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Agriculture student James shares work experience with Wychwood Forest Trust

8th Jul 2024

As part of his Study Programme, Agriculture student James joined Wychwood Forest Trust for two-weeks of work experience, helping the charity to build its new educational hub.

Wychwood Forest Trust is a conservation charity that works with local communities to protect and restore spaces once part of the historic Wychwood Forest, and to help people learn traditional rural skills and crafts.

This year, Agriculture student James joined the Charity to help Toby Swift, Countryside and Reserve Manager, secure their onsite education area at Foxburrow Wood.

James was tasked with putting up a post-and-wire fence to enclose an area around the dome, and digging over 100 post holes to create a space that will facilitate the company's events and courses for the entire community.

We caught up with James to hear all about his work experience placement and his top tips for future students securing placements.

“I first heard about the work experience opportunity through my course leader Jen, who put me in touch with Toby to help organise my placement.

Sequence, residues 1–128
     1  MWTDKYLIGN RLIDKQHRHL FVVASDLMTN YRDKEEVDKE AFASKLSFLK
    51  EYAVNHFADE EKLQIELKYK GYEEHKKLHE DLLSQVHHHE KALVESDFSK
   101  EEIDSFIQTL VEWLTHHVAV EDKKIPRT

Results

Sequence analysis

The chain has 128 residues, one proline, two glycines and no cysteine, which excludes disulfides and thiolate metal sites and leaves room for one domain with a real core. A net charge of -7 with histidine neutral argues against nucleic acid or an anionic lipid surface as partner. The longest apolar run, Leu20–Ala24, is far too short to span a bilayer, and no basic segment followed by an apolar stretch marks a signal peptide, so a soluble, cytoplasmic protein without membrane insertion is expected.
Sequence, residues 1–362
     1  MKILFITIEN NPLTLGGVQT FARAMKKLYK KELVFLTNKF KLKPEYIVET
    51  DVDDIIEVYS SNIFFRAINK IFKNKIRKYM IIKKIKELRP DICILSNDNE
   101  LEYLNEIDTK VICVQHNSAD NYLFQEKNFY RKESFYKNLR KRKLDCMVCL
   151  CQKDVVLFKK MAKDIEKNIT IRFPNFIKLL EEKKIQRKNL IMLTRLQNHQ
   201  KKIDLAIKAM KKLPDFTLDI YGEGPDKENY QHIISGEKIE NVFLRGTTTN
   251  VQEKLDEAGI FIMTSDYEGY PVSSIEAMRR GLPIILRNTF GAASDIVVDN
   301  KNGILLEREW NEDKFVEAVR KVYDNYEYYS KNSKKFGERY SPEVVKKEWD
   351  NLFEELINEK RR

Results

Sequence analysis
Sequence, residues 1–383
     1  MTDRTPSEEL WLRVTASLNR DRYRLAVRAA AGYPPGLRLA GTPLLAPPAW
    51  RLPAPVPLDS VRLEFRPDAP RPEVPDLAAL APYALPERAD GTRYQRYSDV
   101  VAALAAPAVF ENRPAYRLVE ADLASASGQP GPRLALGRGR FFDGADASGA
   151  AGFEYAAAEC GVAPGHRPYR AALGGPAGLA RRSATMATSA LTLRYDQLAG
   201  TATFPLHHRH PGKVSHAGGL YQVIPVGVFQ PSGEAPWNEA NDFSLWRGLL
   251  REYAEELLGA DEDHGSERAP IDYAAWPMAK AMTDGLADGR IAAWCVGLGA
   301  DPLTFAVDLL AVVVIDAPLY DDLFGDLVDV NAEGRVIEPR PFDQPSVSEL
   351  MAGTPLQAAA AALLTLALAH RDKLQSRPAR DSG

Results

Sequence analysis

I was with the Trust for two weeks, mainly working on fencing for the new educational area inside one of the nature reserves. The fencing is to help future proof the site, keeping the children safe and ensuring that dogs and other animals can't access the educational area.

Each day, we'd start by heading down to the farm to grab our supplies and make sure that we had enough wood before getting started with the fencing. We did all the fencing manually, by hand, without any post knockers so it was hands-on, but I really enjoyed it.

The placement definitely boosted my confidence and helped with my social skills as there were lots of people dog walking past our site who were keen to find out what we were up to.

It's definitely something I'd look into for the future, be it forestry in particular, or just something outdoorsy.

If I could give one tip to a student looking for their work experience placement, it would be to send that email and get in touch with everyone you can. They’re not going to come for you, you’ve got to go for them!”

Following James' work experience, Toby shared:

"James got stuck in every day and really enjoyed himself. He genuinely seemed to look forward to coming and worked very hard; he was a great help."

If you would like to find out more about the Agriculture Level 3 Study Programme, or practical hands-on courses offered at Common Leys Farm, please click the links below.